Fire pit of some variety, proper wood charcoal and a hairdryer is another method I've used a few times after being inspired by one of Pete Madex's threads. I have used a gas torch and it will get you there (just) but the pit will far more easily raise the necessary temps. but it is also more involved. After the skill level you've achieved making the actual planes you should at least try if you don't mind me saying. If you oil quench be ready for more fire as it can ignite on occasion. Nothing to worry about if prepared and quite exciting at times. I read various methods of plunging/cooling (I think it's one of those sort of things that inspires different views like Camelia Oil or Genocide), but worth a look at the different methods before you try. I don't pretend to have anywhere near enough experience to offer advice. But it's to prevent scaling like this I believe, although there is doubtless far more to it than that. Only just scratched at the very surface personally.

Same Iron after cleaning up and tempering in the oven (while Herself was out!) and a turkey type foil tray filled with sand as a heatsink in the bottom to raise the temps a bit more than standard. Left to cool very slowly.

The blue rubs off but this is just O1 4mm flat gauge plate and it sharpens as easily and holds an edge just as well as any factory produced O1 Iron I have used. Better than some, actually. But that might be parental pride lol. :D
Go for it Mark!
Thanks for the encouragement Chris - will work on it...
I have made slow and sporadic progress over the last few weeks (no change there!)
I started with the pad auk for the infills which were cut roughly to size...
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Then started on the bun for the front and decided to design it on the fly...
Started with a basic chunk and had drawn some ideas on the side


Then it was just a question of removing the waste a bit at a time using microplanes, rasps, then 80 grit abranet. Once it was the correct shape I went through the grades of abranet until I ended up with this...

One coat of TruOil later...

Next instalment the rear infill...


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The rear infill was harder and Im not sure it is there yet but defo progress made
First I had to remove waste to allow the infill to bed down in the rear of the plane

It took a fair while to get it to sit right as the inside of the bronze casting was so rough and irregular
Then I needed to think about where the adjuster would sit. Too far down the slop and the bronze 'fins' would be in the way. Too far up and the knurled adjuster wheel would foul the rear of the plane.
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I settled on this and carefully drilled a 3/4" hole to the right depth

Then needed to drill out the infill so the adjuster fitted once and snug

Started shaping the rear infill so the adjuster knob was clear

Looking OK at this stage...

And the iron sits about right for adjustment


So the next stage is to think about how Im going to hold the iron in place - whether to make clever cap of sorts and how to go about that
Thanks for looking and comments / criticism most welcome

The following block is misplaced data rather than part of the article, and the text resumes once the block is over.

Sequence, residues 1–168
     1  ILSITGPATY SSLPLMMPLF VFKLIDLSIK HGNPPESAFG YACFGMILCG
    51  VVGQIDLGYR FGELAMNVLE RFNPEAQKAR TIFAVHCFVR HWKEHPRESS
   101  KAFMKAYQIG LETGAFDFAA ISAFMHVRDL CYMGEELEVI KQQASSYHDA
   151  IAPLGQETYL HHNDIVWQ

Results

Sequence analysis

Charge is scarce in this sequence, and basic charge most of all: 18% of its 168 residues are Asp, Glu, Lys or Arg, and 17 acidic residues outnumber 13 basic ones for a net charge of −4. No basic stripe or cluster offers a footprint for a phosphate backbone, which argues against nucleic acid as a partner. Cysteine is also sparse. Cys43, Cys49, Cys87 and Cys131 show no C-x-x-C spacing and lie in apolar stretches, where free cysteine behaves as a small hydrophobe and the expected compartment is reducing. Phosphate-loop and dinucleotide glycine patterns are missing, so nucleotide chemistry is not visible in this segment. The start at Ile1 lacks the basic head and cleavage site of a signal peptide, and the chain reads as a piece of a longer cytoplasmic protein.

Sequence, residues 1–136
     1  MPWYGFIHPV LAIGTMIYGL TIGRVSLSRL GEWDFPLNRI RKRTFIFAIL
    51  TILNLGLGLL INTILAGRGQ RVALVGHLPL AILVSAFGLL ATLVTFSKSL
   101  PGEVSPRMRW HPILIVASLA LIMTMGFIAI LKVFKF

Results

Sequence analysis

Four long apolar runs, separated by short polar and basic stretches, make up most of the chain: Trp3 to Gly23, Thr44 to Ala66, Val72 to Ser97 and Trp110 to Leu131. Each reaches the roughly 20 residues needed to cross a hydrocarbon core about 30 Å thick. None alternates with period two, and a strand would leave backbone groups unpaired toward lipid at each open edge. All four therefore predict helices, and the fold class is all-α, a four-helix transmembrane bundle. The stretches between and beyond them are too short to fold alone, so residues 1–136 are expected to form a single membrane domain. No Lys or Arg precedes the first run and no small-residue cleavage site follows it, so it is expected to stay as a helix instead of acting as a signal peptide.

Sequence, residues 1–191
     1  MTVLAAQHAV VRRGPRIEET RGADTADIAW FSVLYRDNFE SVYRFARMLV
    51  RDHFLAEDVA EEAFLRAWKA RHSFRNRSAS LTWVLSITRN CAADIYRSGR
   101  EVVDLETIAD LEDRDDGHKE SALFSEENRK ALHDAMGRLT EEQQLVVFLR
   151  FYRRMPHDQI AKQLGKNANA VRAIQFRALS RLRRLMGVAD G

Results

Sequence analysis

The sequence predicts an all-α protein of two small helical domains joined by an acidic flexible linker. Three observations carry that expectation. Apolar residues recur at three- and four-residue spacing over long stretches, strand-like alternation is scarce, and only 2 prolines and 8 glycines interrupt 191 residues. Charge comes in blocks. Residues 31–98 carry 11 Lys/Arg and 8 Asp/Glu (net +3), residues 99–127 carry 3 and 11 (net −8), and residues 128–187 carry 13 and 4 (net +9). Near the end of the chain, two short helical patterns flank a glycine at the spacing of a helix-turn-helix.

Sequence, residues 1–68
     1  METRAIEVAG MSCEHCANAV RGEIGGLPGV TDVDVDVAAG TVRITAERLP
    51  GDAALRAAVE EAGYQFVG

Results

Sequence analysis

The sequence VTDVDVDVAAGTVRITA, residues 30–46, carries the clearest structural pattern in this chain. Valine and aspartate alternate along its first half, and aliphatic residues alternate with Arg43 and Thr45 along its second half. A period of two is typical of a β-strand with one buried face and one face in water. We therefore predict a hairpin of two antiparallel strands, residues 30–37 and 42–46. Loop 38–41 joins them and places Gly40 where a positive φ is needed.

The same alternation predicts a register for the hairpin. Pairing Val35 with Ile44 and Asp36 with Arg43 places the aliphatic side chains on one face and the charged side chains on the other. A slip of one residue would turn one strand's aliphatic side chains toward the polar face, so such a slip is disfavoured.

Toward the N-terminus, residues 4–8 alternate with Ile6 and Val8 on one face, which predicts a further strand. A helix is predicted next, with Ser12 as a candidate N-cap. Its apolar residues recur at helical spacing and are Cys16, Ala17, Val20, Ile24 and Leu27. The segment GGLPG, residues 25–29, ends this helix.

Regards to all


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I completely forgot that I hadn't mentioned the iron before. So I bought some 5mm gauge plate and cut off 110mm then shaped and ground a bevel and then drilled two 6.25mm holes in it to take the adjuster! Sorry about that
A thought or two about how to retain your blade:
Since you're fitting a screw adjuster, methinks a simple wedge would be inappropriate, it would become very tiresome very quickly, having to loosen & re-tighten a wedge each time you wanted to make a small adjustment. My solution to a similar problem in this little chariot plane was to install a thick (~5mm) bridge & use a thumbscrew to tighten a wedge - it can easily be backed off a little while adjustments are made, then twitched up again:
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The thumbscrew engages a divot in a brass cylinder let into the wood. This is obviously a wedge from another plane, but shows the idea.

I scrape a small concavity in the bottom of the wedge so it will apply maximum pressure at the front & back.

It looks like the bridge on your casting is pretty robust, so something like this might work for you..... ??



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Hi there @Torx so sorry I had not realised I never finished the work in progress...
Attached photos showing it finished and it does get used
Kind regards Mark


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Yep, turned out well.

You obviously got more ambitious as you went along fitting a lever-cap instead of the original bridge, & it looks like you've sweated a steel sole on it to close up the mouth. That part would be worth a bit of explanation, especially how you blended the existing blade bed into the new sole piece.

I've done a few sweated soles, but only on rebate planes where I was able to get files in from the side to re-form the blade bed :) . I started by sweating a slightly oversized piece onto the brass:

Then cut the mouth & filed the bed flush:
This one was also skewed, which added a bit to the difficulty, but by taking it steadily (& with a gracious smile from lady luck!), I managed to get a clean surface and a very fine mouth.

Not sure a skewed shoulder plane is worth the extra effort, but it was a fun project, and it does cut a little more sweetly across end-grain, & I like the way shavings curl out of the escapement instead of balling up inside:
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I imagine fitting a sole on your plane was a bit trickier and it looks like a single piece, so that implies you used a mill to re-fom the blade bed??

Apologies for the impertinent questions, but as another plane-making tragic I would love to hear any details....